Countries of the Persian Gulf are at risk of having their financial wealth depleted in the next 15 years as global oil supply increasingly exceeds demand, the International Monetary Fund (IMF) warned on Thursday.
In a report, titled The Future of Oil and Fiscal Sustainability in the GCC Region, the IMF reveals that demand for oil may start falling sooner as the global oil market undergoes a fundamental change – with new technologies increase the supply of oil and concerns over climate change are seeing the world gradually turning to renewable sources.
According to the organization, these changes “spells a significant fiscal sustainability challenge for the GCC region,” which accounts for over one-fifth of global oil supply.
“With continued improvements in energy-saving technologies, adoption of renewable sources of energy, and a stronger policy response to climate change, the world’s demand for oil is expected to grow more slowly and eventually begin to decline in the next two decades,” the report explained. “If these expectations materialize, they would reshape the economic landscape of many oil-exporting countries, including those in the GCC.”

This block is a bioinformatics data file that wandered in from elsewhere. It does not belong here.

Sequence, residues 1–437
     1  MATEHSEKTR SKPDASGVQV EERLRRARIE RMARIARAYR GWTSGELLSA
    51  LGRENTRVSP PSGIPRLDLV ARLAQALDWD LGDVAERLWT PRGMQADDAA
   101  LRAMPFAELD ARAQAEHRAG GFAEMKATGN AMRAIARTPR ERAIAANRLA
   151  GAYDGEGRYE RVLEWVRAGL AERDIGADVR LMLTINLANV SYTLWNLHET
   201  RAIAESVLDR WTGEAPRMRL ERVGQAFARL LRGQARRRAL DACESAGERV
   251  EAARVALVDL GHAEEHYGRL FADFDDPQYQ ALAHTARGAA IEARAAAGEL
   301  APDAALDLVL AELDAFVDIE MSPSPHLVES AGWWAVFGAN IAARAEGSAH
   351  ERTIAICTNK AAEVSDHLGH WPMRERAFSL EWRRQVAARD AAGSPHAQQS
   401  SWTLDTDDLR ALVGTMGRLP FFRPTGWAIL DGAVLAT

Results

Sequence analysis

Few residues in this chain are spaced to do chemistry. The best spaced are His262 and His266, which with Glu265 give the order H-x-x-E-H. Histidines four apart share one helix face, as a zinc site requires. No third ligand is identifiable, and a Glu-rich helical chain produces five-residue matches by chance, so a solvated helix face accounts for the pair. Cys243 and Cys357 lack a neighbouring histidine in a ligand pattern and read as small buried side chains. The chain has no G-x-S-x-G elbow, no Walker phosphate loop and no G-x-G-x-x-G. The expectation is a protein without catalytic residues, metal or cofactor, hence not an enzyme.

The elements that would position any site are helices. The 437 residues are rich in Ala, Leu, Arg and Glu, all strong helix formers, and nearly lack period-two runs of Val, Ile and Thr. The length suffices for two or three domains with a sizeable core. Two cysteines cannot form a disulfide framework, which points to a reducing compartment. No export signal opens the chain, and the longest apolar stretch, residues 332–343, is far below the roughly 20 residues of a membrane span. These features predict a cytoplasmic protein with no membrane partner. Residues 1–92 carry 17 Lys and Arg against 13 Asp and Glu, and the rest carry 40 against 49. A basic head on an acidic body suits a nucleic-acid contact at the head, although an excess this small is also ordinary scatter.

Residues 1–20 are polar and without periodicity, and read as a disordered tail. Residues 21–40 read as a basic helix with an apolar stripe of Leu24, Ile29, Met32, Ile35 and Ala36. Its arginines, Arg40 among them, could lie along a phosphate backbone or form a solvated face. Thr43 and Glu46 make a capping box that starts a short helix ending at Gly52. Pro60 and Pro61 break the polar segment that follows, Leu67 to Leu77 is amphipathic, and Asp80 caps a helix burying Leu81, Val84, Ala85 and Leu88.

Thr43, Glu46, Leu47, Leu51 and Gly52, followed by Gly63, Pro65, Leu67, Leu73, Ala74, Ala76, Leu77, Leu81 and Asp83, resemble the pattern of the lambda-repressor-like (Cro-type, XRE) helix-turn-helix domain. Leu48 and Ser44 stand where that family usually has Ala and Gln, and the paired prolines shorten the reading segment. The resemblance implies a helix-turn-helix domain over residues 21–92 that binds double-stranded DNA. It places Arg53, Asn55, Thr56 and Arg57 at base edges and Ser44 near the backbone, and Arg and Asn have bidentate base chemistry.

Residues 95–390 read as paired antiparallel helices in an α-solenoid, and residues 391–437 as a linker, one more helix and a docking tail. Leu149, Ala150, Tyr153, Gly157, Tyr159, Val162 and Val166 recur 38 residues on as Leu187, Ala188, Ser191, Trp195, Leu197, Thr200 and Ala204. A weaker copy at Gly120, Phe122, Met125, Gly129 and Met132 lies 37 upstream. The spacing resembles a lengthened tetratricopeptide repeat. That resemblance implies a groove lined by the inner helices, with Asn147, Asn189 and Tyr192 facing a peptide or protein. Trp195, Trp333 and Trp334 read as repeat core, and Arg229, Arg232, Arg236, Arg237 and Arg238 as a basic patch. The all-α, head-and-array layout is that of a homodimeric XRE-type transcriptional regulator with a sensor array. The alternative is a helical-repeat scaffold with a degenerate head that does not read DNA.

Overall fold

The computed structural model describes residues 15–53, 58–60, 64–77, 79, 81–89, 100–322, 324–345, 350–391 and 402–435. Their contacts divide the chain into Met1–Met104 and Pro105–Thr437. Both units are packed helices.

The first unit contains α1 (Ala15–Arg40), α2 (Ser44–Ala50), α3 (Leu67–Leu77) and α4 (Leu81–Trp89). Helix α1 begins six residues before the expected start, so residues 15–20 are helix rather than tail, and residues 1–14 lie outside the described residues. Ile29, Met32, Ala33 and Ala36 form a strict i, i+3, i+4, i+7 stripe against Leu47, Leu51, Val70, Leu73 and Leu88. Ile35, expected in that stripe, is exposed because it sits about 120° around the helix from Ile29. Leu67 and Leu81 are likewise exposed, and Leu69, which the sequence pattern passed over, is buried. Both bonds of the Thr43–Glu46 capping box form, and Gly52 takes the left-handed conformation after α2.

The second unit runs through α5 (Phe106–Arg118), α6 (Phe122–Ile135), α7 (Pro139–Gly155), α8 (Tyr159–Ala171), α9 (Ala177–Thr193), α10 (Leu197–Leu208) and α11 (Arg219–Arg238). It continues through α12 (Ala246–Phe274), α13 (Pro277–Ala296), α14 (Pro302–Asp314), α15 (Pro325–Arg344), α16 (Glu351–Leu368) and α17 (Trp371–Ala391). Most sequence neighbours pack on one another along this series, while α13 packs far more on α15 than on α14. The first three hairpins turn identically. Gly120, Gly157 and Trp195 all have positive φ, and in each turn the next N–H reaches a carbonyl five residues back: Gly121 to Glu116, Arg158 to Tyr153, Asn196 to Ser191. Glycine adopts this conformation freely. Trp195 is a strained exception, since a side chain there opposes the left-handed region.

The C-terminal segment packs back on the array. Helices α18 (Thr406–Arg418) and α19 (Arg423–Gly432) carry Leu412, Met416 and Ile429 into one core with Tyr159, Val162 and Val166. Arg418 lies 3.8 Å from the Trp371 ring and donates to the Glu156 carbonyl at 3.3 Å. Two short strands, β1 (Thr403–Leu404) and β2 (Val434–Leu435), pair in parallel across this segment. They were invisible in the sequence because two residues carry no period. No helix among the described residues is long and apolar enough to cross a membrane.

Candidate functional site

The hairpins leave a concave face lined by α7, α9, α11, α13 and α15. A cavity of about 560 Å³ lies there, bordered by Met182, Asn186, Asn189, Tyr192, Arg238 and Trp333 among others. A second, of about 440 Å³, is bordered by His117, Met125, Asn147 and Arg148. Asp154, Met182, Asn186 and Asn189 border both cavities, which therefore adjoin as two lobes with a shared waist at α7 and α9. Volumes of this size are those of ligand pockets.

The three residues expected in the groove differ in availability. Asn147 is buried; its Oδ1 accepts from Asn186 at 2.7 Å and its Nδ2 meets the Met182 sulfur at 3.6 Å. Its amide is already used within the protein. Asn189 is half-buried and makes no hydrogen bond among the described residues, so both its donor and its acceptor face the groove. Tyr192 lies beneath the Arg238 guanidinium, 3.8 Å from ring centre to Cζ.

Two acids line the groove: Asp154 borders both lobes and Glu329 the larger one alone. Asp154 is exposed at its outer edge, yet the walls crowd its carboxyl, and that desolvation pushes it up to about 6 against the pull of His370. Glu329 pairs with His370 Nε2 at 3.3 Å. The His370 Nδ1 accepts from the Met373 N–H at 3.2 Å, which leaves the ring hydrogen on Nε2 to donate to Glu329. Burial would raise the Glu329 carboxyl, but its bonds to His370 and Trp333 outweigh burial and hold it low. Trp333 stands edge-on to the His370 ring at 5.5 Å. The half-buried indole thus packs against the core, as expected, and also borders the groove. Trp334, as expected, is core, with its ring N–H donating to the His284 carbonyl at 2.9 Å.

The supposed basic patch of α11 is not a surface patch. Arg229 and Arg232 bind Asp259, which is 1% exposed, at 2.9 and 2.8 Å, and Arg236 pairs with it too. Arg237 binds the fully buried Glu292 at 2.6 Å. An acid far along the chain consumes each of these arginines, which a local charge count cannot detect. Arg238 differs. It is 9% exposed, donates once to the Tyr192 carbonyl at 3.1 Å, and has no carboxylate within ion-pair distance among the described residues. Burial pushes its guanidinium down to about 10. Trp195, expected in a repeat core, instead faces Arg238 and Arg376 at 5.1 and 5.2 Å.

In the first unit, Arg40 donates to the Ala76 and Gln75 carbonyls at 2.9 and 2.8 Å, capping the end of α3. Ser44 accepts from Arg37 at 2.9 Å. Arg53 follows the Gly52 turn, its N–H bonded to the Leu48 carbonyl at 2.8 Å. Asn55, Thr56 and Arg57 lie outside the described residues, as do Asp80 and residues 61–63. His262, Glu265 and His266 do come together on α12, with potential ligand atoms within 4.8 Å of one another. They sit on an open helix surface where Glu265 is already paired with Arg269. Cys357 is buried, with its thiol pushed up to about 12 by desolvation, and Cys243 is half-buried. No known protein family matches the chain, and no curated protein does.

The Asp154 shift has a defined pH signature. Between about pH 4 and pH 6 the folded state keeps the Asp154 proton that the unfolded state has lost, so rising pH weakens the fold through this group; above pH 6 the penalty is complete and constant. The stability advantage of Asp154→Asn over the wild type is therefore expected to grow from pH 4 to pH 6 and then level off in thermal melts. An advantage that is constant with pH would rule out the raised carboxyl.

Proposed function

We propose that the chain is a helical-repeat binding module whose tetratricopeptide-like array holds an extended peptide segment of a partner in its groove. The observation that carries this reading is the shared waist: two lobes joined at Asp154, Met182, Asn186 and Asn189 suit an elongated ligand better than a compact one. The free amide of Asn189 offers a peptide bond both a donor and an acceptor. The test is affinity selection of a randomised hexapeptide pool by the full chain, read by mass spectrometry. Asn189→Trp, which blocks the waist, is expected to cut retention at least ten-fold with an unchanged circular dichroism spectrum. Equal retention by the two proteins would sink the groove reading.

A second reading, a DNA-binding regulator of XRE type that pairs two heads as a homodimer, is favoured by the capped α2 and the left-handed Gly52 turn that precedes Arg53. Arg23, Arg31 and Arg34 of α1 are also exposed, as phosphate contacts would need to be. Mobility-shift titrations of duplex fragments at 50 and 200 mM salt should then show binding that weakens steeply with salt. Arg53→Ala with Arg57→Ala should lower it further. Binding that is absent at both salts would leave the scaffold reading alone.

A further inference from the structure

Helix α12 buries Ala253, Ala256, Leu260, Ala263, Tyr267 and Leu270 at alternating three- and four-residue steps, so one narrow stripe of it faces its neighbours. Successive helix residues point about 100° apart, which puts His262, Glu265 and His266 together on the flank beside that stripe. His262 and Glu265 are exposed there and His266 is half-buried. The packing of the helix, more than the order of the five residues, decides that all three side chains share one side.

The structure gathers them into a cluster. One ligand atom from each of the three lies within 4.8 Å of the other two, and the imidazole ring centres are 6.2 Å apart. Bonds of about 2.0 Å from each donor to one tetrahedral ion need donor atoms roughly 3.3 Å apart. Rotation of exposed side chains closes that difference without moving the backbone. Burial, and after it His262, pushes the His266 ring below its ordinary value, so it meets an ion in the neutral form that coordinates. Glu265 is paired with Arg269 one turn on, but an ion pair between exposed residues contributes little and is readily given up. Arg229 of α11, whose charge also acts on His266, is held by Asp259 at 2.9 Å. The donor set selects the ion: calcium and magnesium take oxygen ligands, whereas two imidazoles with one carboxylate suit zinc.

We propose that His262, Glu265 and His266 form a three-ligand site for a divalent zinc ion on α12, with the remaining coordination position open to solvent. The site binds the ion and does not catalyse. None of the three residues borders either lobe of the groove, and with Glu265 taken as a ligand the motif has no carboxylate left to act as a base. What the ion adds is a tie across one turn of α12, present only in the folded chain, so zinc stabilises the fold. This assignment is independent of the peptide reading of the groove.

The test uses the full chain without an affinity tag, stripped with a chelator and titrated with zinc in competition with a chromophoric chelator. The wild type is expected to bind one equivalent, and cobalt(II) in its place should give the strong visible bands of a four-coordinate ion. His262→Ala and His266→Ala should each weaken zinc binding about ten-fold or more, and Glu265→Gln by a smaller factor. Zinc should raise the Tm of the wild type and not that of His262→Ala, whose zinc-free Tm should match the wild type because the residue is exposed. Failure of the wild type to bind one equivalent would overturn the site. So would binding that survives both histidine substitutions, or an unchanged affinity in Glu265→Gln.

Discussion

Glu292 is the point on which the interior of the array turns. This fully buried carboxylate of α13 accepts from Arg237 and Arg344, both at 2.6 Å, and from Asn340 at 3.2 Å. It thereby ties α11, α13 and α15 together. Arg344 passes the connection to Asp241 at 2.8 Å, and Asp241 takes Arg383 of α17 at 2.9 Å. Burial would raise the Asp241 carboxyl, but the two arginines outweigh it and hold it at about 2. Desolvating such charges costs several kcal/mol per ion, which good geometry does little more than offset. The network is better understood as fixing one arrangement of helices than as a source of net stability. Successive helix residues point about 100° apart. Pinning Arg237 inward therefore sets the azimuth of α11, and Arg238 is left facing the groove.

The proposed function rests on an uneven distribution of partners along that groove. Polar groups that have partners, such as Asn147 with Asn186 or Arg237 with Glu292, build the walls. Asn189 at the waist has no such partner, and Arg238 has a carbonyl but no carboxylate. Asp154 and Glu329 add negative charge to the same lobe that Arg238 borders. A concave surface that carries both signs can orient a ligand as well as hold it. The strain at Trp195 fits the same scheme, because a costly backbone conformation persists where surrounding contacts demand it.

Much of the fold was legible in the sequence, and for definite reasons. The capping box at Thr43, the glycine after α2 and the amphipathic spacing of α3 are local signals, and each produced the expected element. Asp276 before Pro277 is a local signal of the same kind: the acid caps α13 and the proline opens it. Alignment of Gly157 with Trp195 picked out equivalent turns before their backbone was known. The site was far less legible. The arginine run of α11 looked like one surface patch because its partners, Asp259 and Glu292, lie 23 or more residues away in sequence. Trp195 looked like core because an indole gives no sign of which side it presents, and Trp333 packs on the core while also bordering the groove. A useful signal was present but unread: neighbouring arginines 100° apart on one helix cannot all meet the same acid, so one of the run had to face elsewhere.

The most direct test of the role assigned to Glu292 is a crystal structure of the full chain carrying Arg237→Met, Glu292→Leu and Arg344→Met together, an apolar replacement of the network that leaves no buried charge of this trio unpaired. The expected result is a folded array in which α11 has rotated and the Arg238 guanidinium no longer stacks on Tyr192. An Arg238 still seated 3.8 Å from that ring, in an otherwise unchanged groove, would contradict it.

The Gulf Cooperation Council (GCC), which covers Bahrain, Kuwait, Oman, Qatar, Saudi Arabia, and the United Arab Emirates, accounts for 44 percent of the world’s reserves of crude oil and 15 percent of natural gas reserves. For nearly two decades, the region, which is largely controlled by the ruling dynasties, has accumulated about $2 trillion in financial wealth since 2014.
According to IMF, while most GCC states have already turned to economic diversification and reform programs, including the introduction of a value-added tax (VAT), the region is still at risk of exhausting their financial wealth by 2034 without decisive economic reforms.
In the IMF’s projection, global oil demand will likely peak around 2041 and will gradually slide from there.
“Ongoing reforms are moving the GCC region in the right direction, but they need to accelerate,” the IMF added.